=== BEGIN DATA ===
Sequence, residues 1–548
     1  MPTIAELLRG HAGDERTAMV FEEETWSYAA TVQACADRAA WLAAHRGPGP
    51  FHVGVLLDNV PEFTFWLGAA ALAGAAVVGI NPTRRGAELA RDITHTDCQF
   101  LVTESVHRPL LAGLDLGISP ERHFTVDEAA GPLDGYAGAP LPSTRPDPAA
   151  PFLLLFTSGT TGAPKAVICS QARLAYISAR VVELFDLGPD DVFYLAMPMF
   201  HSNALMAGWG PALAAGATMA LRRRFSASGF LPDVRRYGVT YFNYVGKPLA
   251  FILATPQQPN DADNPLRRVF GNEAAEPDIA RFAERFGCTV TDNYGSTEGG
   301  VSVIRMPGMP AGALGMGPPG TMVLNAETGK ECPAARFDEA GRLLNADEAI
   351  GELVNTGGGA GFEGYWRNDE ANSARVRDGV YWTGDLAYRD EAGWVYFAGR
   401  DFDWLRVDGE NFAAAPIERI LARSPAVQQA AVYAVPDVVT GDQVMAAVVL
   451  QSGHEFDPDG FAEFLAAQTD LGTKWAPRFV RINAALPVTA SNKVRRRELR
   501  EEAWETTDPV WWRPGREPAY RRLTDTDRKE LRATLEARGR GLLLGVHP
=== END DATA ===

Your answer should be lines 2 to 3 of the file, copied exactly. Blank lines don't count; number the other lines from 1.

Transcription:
     1  MPTIAELLRG HAGDERTAMV FEEETWSYAA TVQACADRAA WLAAHRGPGP
    51  FHVGVLLDNV PEFTFWLGAA ALAGAAVVGI NPTRRGAELA RDITHTDCQF